merely that it is a simple and straightforward task, which it is, and has nothing to do with the consumer unit as reportedly the same floor level lights are still on!!!!!!
    T would still need to isolate the affected light before replacing the bulb, to be safe.
    Originally posted by Solent Watcher View Post
    Think this thread is starting to gain its own energy for what is, in my view, a minor matter!! Perhaps the hangovers are still kicking in.
    Speak for yourself. I've had no alcohol at all for the last week!

    Leave a comment:


  • Ericthelobster
    replied
    Originally posted by Moreheadaches View Post
    We dont allow (or expect) tenants to go anywhere near the consumer unit. If an MCB/RCD trips, we investigate and re-set it.
    [...]
    We expect tenants to replace light bulbs. Although we will replace them if they require ladder useage free of charge (tenant buys bulb - we fit them)
    But what happens if the tenant forgets to isolate the light before removing the dead bulb, and then touches the live terminals? After you have specifically instructed him to do this?

    But conversely you won't let the tenant flick an MCB switch?? They can trip for all sorts of reasons, many of which are totally inoccuous: a blown lightbulb being the most common cause. If the problem is serious, the MCB can't be reset, simple.

    Below is the end-user instruction manual for a consumer unit fitted just before Xmas for a newly tenanted property of mine (the tenants have been provided with a copy) and which clearly states they should do in the event of a trip. I would certainly expect my tenants to do this, as part of behaving in a 'tenant-like manner'...
    Attached Files

    Leave a comment:


  • Solent Watcher
    replied
    Snowball Land!!!

    There was no inference whatsoever that an electrician should come out on a Bank Holiday because it is only a one hour job (actually more like 15 minutes but chargeable for an hour!!). As for 3 hour round trip (chargeable??!!!) to get spare I will make no comment!! merely that it is a simple and straightforward task, which it is, and has nothing to do with the consumer unit as reportedly the same floor level lights are still on!!!!!! Think this thread is starting to gain its own energy for what is, in my view, a minor matter!! Perhaps the hangovers are still kicking in.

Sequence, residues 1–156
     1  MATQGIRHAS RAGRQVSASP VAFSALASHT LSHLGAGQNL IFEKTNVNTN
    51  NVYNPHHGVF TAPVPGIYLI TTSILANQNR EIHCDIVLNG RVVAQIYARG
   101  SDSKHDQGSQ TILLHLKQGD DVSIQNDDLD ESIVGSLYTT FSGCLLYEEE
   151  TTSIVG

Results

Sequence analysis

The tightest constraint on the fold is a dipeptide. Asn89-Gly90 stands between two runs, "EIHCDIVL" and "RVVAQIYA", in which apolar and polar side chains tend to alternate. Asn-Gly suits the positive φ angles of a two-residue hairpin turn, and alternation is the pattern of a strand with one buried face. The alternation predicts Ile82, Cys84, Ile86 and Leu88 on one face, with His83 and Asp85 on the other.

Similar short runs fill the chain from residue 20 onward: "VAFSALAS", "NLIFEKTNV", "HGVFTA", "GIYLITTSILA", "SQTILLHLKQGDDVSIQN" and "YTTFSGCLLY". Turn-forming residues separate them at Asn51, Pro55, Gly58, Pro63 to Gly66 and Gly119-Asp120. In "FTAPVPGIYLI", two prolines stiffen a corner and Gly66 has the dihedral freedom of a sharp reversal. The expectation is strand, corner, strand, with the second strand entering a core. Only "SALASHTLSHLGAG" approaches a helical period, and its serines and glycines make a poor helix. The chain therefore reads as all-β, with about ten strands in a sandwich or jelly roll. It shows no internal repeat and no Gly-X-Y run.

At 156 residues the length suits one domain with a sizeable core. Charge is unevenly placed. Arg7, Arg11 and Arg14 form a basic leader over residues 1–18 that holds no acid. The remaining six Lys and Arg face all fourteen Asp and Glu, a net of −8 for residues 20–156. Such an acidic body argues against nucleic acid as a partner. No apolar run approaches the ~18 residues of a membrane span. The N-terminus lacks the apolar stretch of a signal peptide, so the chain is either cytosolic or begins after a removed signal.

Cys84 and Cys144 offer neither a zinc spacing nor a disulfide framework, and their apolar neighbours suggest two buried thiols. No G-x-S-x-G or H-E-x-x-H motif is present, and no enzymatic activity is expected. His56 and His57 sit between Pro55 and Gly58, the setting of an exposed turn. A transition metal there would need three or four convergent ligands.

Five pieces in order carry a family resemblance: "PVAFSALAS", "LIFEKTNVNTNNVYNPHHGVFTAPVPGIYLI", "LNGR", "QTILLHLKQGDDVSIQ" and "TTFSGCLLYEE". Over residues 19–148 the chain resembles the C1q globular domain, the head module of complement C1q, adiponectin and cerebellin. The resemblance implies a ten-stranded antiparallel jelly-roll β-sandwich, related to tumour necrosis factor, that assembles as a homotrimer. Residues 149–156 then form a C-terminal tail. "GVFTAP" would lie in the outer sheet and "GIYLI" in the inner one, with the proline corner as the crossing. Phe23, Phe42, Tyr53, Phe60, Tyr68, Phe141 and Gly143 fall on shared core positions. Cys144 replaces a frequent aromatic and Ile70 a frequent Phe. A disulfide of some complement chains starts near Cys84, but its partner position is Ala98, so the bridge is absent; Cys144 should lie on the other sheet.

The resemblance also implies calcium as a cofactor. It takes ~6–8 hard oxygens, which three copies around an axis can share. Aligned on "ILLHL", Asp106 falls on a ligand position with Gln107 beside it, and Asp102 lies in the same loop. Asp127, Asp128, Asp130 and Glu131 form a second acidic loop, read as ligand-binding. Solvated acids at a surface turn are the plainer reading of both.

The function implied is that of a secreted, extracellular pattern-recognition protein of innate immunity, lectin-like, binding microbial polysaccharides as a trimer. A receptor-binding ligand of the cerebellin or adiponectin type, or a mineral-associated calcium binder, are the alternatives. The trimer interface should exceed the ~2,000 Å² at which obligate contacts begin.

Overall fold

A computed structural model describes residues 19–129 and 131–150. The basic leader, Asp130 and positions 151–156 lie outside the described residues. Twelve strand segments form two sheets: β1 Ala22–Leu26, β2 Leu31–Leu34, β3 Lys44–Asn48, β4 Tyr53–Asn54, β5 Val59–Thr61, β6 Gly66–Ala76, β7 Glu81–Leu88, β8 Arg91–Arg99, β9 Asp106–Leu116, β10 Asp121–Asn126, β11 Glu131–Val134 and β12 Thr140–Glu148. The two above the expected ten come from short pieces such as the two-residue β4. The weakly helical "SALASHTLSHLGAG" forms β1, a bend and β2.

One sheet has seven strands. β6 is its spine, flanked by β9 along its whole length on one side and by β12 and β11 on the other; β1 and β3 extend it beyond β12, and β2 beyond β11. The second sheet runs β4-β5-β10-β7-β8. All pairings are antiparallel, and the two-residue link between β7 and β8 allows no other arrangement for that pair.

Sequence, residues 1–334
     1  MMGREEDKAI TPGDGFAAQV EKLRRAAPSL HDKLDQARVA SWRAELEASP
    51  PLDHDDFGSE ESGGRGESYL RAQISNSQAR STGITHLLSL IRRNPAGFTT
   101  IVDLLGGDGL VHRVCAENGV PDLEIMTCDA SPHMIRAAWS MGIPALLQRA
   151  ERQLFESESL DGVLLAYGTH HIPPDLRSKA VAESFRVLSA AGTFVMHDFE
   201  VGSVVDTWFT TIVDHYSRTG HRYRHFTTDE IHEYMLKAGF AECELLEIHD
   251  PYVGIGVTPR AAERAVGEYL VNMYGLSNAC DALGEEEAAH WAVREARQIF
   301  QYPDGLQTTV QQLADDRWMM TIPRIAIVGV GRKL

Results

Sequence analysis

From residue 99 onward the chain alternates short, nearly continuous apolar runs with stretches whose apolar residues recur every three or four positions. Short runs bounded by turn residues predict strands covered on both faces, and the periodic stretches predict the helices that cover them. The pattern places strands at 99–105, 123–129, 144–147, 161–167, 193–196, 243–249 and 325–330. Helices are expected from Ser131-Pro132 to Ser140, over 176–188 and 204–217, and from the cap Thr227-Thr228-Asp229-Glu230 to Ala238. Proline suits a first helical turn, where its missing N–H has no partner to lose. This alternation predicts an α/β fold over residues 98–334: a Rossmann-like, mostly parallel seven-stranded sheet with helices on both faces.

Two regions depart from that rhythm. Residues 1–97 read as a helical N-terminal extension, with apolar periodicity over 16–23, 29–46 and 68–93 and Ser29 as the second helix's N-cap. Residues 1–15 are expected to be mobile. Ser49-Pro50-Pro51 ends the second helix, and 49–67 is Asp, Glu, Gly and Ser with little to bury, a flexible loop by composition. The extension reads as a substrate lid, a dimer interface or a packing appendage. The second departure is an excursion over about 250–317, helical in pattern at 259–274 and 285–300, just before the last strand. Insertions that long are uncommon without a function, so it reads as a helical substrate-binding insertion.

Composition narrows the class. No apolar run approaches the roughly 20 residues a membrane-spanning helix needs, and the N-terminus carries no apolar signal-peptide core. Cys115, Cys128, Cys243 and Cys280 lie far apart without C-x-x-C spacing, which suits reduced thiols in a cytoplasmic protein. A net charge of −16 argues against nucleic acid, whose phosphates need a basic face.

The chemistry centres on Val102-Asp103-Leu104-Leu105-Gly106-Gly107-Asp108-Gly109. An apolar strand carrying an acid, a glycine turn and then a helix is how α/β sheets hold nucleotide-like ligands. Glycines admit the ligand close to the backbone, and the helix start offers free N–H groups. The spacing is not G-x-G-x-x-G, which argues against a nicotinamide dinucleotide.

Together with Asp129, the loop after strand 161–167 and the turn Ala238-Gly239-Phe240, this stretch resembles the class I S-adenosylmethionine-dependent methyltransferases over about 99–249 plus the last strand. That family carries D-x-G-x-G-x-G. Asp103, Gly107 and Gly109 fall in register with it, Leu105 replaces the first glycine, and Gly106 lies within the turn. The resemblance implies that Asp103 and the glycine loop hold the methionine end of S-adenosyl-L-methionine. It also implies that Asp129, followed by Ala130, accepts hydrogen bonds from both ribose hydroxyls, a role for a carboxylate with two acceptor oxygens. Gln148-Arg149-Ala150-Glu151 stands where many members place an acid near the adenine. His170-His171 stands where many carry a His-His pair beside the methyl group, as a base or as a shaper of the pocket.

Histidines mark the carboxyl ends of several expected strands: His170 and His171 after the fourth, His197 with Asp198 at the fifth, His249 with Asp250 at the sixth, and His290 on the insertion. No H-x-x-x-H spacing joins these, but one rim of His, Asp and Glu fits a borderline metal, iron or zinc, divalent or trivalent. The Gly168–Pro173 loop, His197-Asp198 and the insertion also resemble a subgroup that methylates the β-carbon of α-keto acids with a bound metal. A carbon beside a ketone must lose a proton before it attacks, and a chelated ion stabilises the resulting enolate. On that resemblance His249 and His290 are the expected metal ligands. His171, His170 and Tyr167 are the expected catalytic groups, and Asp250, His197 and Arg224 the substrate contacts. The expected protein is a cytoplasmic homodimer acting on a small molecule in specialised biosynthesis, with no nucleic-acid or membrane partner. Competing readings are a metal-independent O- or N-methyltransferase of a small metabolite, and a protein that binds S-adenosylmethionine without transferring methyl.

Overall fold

Leave a comment:


  • mind the gap
    replied
    Originally posted by property mongrel View Post

    Regarding post 6: prohibitive cost is not a good enough reason to present to a court for not doing the right thing.

    pm
    I agree with you, but I did not say it was! In context: the previous poster had said that an electrician could do the job in less than an hour, inferring incidentally that that this would be a reason to get said electrician out on a Bank Holiday. All I said (based on my experience of electricians, especially on Bank Holidays!) was that this was an unrealistic estimate.

    It is still my opinion that the partial loss of light and use of extractor fan in a bathroom for a T who wll not even try resetting a trip switch or changing a light bulb first, does not constitute an emergency for which an electrician should be instantly summoned -always assuming you can get hold of one.

    Can we please put paid to all this nonsense about not allowing a T to access a consumer unit to flick a switch if necessary? This is nannyism at its worst! Resetting a trip switch on a modern consumer unit is a tenantlike thing to do. We do not ban Ts from fitting a tap washer in case they flood the house and drown, or from boiling a kettle to deforst a condensate pipe in case they scald themselves.

    A sense of proportion would seem to be indicated - that is, after all, what a judge would apply in the unlikely event of the T claiming his life was imperilled by being made to re-set a trip switch designed for just that purpose.

    An electrically safe consumer unit, supported by valid, current certificate produced after inspection by a competent qualified electrician, should be enough to protect LL from any claim. If OP does not have such a certificate, then clearly her position is weakened in theory, although I suspect not in practice.

    Leave a comment:


  • property mongrel
    replied
    maxine - is the unit a combined light and fan in one unit? Or, is the fan a separate unit from the light fitting with a switch or a pull chord, and the fan comes on automatically with an overrun so that when the light is turned off the fan continues for some time afterwards? Or, does the fan have it's own pull chord or switch?

    pm

    Leave a comment:

Latest Activity

Collapse

Working...
X